A house, a history, and a home (Pg 2/2)
The Lady Diana Spencer (later Diana, Princess of Wales)
planting a tree at the opening of
the Mountbatten Exhibition in May 1981
ABOVE: A short ITN news film showing the opening of
the Mountbatten Exhibition at Broadlands in May 1981
by Prince Charles, The Prince of Wales,
accompanied by The Lady Diana Spencer
(later Diana, Princess of Wales)
2 months before their wedding
BELOW: The opening of the Mountbatten Exhibition
at Broadlands (left to right) Norton & Penny
(then Lord & Lady Romsey,
now Earl & Countess Mountbatten of Burma);
The Lady Diana Spencer, later Diana Princess of Wales
& Prince Charles, The Prince of Wales
Broadlands became more famous than ever with distinguished visitors from royalty to politicians being regular guests with eminent guests being asked to plant a tree in the grounds. Mountbatten's sense of legacy became increasingly important to him during his lifetime and following Edwina's death, Mountbatten wanted to ensure that Broadlands was financially secure for his descendants.
Since 1978, Broadlands has been open to the public - which was a project that Mountbatten himself was heavily involved in. However, following Mountbatten's murder in August 1979, Broadlands became the home of Mountbatten's grandson - Norton, now 3rd Earl Mountbatten of Burma (b.1947), who following his mother succeeding to Mountbatten's titles in 1979 became styled 'Lord Romsey' and he and his young family set to develop his legacy. The exciting 'Mountbatten Exhibition' was opened on 9th May 1981 by Prince Charles, The Prince of Wales (b.1948) who was accompanied by his then fiancé - The Lady Diana Spencer, later Diana, Princess of Wales (1961-1997) and was a focal part of any tour of Broadlands. The exhibition had displays of medals, uniforms and mementos of the extra-ordinary lives of both Mountbatten and Edwina.
Norton & Penny (then Lord & Lady Romsey,
now Earl & Countess Mountbatten of Burma)
at the Mountbatten Exhibition
(then Lord &
at the time of their engagement
(then Lord &
with their children
in the gardens
in 1990 -
(left to right)
- their eldest son
Nicholas (now Lord Brabourne):
treatment for cancer);
and their eldest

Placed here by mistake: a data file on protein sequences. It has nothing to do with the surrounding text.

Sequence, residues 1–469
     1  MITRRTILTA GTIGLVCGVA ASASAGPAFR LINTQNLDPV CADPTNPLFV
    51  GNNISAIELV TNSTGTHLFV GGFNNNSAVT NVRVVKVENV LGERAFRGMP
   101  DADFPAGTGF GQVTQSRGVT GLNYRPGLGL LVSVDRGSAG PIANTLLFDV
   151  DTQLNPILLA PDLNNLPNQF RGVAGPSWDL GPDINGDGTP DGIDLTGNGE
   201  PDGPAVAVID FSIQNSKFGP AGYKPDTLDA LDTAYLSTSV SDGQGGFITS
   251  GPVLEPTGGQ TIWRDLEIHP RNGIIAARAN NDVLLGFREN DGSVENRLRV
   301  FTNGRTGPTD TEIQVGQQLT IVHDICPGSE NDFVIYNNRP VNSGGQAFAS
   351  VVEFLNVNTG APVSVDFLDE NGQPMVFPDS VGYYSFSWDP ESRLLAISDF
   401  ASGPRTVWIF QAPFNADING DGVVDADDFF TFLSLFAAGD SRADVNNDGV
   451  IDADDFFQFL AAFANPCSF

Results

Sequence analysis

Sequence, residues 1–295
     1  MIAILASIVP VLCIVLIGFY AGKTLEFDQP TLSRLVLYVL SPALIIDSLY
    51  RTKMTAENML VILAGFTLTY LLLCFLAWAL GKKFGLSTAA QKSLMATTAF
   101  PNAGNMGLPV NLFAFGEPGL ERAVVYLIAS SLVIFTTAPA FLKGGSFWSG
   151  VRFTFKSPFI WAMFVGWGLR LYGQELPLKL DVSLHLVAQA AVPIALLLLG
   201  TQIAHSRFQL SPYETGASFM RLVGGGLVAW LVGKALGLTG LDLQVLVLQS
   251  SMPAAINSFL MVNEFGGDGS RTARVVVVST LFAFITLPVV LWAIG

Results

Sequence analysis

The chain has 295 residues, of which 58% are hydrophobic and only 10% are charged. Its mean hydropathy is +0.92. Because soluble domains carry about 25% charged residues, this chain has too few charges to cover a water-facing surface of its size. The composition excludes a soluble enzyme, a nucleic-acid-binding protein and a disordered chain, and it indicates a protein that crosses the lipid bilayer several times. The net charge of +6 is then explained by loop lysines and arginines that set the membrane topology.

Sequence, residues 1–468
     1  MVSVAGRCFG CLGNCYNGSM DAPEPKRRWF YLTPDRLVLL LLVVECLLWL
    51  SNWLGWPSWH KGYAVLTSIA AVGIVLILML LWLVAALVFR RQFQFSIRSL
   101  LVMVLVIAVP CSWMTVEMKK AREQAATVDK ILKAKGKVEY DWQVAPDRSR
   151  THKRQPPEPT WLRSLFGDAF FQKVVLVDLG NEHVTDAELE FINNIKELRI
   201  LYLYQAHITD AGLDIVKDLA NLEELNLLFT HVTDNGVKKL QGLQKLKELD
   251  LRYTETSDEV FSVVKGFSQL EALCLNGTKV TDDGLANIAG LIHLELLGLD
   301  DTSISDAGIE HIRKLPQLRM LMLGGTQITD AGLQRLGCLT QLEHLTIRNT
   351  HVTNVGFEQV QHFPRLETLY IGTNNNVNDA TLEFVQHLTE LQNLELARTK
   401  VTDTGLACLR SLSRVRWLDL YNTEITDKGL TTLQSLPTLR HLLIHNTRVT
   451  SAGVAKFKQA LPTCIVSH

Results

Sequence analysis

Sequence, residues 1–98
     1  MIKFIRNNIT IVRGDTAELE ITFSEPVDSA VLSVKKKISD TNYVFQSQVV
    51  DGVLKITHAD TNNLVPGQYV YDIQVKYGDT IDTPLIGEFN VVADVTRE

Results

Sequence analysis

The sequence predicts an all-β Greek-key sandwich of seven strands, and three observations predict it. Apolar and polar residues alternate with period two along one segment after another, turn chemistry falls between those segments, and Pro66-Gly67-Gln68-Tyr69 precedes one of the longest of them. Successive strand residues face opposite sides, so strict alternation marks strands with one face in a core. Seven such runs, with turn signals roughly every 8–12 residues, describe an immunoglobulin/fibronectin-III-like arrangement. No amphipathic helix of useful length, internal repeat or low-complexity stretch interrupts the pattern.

(now The Lady
The Earl & Countess Mountbatten of Burma separated in 2010 and the Broadlands estate is now run entirely by Norton’s wife - Penny, Countess Mountbatten of Burma (b.1953). It was reported that Norton returned to live at Broadlands in April 2017, and not involved in the running of the estate. The estate is not entailed (ie. is not automatically inherited by the holder of the family title) and is has been rumoured that to secure the estate for future generations, it may be that the estate will be inherited by The Lady Alexandra Hooper (b.1982) - the eldest daughter of The Earl & Countess Mountbatten of Burma, rather that their eldest son Nicholas, Lord Brabourne (b.1981), due to his previous unstable 'Bohemian' lifestyle. However in 2021, as Nicholas (who is no longer estranged from his parents) married in a private civil ceremony at Broadlands - perhaps he is ready to 'settle down' and on the path to take on the responsibility of running the estate in the future - we will see!
Approximately 100 yards from the house in full view of the drawing room lies a tall stone monument on a plinth, it is the most recent monument on the estate and it marks the final resting place of Norton & Penny's youngest daughter - The Hon. Leonora Knatchbull, who died aged 5yrs from a rare kidney cancer (called Wilms Tumour) in 1991. It is often said by many friends of Penny that this is the reason why she will never leave the estate.
LEFT: A selection of
photographs of Broadlands today
The house itself at Broadlands is open to the public at certain times (please check their website for opening times) and throughout the year, numerous concerts and local events are held within the grounds of the Broadlands estate - including The Romsey Show, held every September with Penny being the Patron of the Show. The house remains one of the finest stately homes in the country. Over recent years, the house has undergone a great deal of restoration and improvements - which has included the installation of two eco-friendly wood chip biomass boilers, which was recommended by Prince Charles, The Prince of Wales (b.1948).
ABOVE & BELOW: aerial views of Broadlands today